*Previously recorded by Phyllis Schlafly // December 1, 2011*
The institution of marriage as the union of one man and one woman has been fundamental to America ever since the founding of our nation. The famous French commentator Alexis de Toqueville wrote in the mid-19th century: “There is no country in the world where the tie of marriage is more respected than in America.”
Not only have our laws specifically recognized marriage as the union of one man and one woman, but many laws legislate special benefits. The Government Accountability Office identified more than 1,000 federal laws that are based on the traditional definition of marriage, including the tax laws that permit married couples to file joint income tax returns and Social Security benefits awarded to fulltime homemakers (identified as dependent spouses).
The feminist movement started its attack on traditional marriage with Betty Friedan’s 1963 book, which urged wives to leave their homes to join the workforce, and become independent of men. That was called “women’s liberation.” A traditional-couple sitcom of the 1950s, called “Ozzie and Harriet,” became an epithet, and political correctness required us to speak of different kinds of “families” instead of the “family.” Wikipedia now considers the traditional family a relic of the 1950s and defines it as “usually considered conservative or reactionary by its critics who argue that it is limited, outmoded and unproductive in modem Western society.”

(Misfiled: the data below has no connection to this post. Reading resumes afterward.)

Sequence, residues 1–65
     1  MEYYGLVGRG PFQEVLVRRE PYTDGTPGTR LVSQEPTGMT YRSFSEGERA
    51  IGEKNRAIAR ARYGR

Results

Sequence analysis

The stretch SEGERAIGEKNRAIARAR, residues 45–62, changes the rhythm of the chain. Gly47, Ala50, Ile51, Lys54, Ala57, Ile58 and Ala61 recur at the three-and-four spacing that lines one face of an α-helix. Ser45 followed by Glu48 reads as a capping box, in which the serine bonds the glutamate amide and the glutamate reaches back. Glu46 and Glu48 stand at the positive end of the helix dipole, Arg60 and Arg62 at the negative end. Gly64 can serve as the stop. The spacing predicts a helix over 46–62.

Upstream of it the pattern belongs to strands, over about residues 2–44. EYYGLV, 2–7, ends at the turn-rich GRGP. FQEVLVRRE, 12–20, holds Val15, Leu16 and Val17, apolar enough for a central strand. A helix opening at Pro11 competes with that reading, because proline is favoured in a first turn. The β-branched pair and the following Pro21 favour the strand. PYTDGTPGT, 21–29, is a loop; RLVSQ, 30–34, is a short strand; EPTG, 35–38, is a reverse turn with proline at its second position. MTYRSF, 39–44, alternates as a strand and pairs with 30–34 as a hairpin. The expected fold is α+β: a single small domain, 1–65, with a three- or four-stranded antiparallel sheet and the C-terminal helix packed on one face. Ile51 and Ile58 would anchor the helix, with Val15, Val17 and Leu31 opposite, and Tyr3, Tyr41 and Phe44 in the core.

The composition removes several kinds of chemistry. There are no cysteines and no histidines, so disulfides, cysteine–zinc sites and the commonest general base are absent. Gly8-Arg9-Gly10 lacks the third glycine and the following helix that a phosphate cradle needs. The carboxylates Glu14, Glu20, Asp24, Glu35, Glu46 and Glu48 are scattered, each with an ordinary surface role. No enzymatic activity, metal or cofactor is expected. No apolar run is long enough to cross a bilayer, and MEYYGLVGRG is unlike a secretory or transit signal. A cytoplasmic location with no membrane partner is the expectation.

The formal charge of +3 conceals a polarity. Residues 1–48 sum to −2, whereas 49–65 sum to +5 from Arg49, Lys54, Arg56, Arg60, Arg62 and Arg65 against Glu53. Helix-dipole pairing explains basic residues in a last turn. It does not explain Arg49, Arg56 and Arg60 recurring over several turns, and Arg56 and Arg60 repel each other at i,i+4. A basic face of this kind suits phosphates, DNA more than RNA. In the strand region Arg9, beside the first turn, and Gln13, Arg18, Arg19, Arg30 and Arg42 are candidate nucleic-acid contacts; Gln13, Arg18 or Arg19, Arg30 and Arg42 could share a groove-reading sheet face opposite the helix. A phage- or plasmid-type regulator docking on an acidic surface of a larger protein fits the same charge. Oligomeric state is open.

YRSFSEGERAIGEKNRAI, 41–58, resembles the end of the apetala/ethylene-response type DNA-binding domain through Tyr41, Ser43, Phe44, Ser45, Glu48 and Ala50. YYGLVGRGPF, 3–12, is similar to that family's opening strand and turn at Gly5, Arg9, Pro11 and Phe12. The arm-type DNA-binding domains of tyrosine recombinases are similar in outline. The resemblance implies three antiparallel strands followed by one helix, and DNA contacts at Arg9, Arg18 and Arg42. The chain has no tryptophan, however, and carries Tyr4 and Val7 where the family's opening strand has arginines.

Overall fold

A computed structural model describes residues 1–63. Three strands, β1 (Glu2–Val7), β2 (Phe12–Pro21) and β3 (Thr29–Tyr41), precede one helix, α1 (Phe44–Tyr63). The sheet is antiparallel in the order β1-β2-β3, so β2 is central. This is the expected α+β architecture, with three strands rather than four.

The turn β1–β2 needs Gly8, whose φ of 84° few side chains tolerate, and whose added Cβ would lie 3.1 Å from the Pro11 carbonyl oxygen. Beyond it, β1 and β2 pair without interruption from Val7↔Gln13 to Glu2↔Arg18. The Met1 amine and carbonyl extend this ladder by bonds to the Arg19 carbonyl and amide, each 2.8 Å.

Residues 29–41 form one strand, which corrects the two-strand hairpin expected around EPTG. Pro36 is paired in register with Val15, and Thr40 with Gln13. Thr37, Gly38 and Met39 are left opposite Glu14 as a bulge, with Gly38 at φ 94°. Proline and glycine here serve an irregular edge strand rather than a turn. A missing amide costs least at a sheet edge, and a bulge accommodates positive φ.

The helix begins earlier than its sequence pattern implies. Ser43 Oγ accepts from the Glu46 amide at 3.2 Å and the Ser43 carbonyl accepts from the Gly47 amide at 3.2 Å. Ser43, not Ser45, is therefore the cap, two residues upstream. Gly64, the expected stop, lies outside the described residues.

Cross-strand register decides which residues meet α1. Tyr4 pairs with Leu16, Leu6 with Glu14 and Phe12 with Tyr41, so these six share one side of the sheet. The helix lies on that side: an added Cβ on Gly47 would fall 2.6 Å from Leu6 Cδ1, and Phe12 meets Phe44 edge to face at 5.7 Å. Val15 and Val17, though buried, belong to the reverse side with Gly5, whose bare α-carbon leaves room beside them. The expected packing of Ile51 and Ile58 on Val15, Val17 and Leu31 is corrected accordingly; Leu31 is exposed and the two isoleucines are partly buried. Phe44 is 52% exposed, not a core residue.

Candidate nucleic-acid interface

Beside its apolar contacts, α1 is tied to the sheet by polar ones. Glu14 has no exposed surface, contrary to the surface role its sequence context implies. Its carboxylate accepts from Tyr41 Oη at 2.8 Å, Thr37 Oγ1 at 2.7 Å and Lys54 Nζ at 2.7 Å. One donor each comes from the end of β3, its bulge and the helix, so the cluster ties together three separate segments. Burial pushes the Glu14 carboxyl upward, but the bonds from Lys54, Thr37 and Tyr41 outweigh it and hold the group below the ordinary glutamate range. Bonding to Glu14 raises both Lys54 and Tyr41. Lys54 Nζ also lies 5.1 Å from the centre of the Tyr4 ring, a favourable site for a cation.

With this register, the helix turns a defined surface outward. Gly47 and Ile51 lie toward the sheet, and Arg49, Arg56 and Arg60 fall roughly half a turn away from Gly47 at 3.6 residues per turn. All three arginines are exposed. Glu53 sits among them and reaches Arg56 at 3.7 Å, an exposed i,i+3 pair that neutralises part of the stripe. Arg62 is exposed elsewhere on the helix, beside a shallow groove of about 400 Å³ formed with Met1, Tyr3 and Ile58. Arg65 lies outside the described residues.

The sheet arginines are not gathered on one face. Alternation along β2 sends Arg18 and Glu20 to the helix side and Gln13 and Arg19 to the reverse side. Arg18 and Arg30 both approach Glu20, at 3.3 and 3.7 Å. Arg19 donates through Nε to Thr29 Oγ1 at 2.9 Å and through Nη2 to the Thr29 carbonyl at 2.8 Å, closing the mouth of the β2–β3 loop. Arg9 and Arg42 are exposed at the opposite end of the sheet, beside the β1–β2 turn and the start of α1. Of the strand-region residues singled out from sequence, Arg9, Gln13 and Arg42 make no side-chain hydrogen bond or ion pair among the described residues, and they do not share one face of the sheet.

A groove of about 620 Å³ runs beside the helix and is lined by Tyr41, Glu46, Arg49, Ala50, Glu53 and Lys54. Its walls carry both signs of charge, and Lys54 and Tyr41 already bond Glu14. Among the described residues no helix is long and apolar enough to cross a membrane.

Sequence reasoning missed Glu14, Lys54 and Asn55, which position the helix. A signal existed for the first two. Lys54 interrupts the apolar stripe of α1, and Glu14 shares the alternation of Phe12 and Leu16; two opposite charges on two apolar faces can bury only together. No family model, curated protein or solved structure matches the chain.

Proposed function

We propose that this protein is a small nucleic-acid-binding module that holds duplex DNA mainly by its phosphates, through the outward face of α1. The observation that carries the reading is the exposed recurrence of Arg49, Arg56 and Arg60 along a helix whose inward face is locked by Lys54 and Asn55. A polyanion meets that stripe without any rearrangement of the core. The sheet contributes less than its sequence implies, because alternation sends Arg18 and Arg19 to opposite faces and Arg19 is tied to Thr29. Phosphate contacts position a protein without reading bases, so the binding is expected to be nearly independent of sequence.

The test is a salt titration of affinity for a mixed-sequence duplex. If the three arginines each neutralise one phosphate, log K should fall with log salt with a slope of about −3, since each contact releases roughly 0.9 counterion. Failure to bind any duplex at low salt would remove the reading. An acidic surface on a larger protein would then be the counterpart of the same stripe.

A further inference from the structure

Beginning with President Lyndon Johnson’s War on Poverty, this vast expansion of government handouts channeled all welfare money through mothers, making the husband and father irrelevant, even an impediment, to the family’s economic well being. It should come as no surprise that this discouraged marriage and promoted illegitimacy because, as Ronald Reagan said, if you subsidize something you’ll get more of it.